The internet is an amazing wonderland where regular Joes like you and I have instant access to the celebrities we love. With social media sites like Twitter, talking about a song with your favorite band or asking a question about an actress’ latest film is as simple as typing out a few characters and hoping to get a reply.
Celebrities are often encouraged to engage with their fans through these social media sites, and some websites take extra precautions when it comes to celebrities to make sure that the person at the other end of the keyboard is who they say they are. Even with these precautions in place, there are still individuals out there who will go out of their way to convince other unwitting users that they are someone they’re not. This brings us to today’s story.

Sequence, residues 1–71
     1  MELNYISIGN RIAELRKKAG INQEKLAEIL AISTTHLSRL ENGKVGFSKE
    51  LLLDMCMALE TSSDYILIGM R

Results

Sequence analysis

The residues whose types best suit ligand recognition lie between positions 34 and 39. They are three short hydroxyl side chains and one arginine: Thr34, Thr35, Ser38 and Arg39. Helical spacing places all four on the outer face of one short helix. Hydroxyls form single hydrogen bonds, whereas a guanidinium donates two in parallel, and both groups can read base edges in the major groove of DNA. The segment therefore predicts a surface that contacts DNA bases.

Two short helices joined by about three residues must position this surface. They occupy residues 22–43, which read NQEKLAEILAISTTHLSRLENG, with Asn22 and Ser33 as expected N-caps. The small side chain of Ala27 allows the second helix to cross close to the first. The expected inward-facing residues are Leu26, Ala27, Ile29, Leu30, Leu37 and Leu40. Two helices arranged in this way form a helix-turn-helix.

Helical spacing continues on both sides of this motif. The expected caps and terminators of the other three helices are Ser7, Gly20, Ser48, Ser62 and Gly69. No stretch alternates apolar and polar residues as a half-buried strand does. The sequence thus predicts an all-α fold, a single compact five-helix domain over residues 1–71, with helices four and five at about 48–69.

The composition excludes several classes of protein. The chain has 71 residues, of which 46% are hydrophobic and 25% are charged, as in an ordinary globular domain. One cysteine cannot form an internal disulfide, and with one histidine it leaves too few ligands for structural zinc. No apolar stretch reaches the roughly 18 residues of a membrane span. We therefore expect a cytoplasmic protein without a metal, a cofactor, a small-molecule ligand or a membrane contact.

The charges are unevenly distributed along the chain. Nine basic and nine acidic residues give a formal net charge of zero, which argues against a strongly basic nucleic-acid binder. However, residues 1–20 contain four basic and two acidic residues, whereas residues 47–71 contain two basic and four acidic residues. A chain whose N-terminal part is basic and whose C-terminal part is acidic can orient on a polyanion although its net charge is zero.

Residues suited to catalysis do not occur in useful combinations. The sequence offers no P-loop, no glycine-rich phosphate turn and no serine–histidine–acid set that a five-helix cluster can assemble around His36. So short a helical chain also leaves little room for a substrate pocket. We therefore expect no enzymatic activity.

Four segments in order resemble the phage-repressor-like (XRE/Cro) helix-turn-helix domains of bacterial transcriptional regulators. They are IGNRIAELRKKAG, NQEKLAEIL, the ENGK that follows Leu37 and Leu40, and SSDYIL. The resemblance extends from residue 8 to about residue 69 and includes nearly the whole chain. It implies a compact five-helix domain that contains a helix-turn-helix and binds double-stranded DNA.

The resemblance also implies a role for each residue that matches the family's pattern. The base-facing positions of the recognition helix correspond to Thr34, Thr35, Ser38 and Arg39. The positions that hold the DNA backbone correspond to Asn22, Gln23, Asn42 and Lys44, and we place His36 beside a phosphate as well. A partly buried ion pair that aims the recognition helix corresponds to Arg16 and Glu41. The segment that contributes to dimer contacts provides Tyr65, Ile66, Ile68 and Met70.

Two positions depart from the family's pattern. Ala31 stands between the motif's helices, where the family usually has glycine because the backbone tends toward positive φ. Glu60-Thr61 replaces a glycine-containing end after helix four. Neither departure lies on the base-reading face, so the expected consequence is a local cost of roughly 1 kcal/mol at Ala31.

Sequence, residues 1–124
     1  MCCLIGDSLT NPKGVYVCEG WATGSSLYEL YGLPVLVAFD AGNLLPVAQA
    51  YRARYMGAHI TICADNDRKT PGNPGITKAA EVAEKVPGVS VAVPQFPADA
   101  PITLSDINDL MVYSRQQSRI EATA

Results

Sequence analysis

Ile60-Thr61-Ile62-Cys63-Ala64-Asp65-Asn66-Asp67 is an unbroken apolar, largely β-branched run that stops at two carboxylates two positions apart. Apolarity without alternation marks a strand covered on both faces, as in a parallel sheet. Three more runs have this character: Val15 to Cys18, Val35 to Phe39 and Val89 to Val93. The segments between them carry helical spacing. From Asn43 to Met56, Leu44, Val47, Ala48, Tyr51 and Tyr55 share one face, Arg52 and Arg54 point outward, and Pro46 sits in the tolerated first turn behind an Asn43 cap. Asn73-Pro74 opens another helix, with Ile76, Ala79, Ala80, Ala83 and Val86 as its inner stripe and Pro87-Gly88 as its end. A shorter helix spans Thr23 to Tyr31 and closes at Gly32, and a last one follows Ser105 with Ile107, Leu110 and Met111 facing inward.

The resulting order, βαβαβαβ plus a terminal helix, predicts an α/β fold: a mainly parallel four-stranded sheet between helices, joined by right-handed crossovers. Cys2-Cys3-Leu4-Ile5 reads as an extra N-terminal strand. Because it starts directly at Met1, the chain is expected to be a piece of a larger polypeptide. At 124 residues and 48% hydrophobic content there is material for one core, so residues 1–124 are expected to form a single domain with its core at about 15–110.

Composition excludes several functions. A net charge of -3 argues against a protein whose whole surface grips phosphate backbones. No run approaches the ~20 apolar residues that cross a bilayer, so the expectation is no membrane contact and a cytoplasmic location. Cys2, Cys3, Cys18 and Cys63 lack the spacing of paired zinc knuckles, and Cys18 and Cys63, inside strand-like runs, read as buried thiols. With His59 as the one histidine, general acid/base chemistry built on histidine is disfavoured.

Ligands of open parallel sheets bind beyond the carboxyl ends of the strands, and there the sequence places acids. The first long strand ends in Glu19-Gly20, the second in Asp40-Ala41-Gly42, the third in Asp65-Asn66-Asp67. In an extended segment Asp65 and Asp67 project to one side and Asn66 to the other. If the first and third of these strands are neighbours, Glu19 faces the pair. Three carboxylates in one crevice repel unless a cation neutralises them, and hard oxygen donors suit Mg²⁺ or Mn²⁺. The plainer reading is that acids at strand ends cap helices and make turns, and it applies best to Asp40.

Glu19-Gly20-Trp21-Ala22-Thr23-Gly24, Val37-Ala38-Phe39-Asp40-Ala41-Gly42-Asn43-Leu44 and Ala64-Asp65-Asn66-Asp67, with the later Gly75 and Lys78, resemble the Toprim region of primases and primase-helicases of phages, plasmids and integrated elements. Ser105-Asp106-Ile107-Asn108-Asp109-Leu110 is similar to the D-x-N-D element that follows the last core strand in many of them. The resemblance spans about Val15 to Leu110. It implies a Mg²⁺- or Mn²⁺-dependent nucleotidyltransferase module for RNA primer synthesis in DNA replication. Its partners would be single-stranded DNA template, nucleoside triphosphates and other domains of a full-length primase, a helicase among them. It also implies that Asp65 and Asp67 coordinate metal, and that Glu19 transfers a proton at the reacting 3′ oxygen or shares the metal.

In March of 2017, a 42-year-old Queensland teacher was placed under arrest for charges ranging from making child exploitation material to rape. Over 157 people had allegedly been victimized by the former lecturer through social media websites such as Facebook and Skype after he convinced his naive victims that he was teen heartthrob Justin Bieber.
Detective Inspector Jon Rouse stated in a press release that this heinous crime draws attention to how vulnerable children are using these websites.
“The fact that so many children could believe that they were communicating with this particular celebrity highlights the need for a serious rethink about the way that we as a society educate our children about online safety.”
It is believed that the teacher, identified as Gordon Douglas Chalmers, had been involved in this con game for nearly a decade. Found on Chalmers’ computer were hundreds of files from young Justin Beiber fans who Chalmers had convinced to send him sexual photos and videos.
Parents have been urged to have access to their children’s online accounts and to monitor their online activities in order to prevent predators like Chalmers from grooming their children online.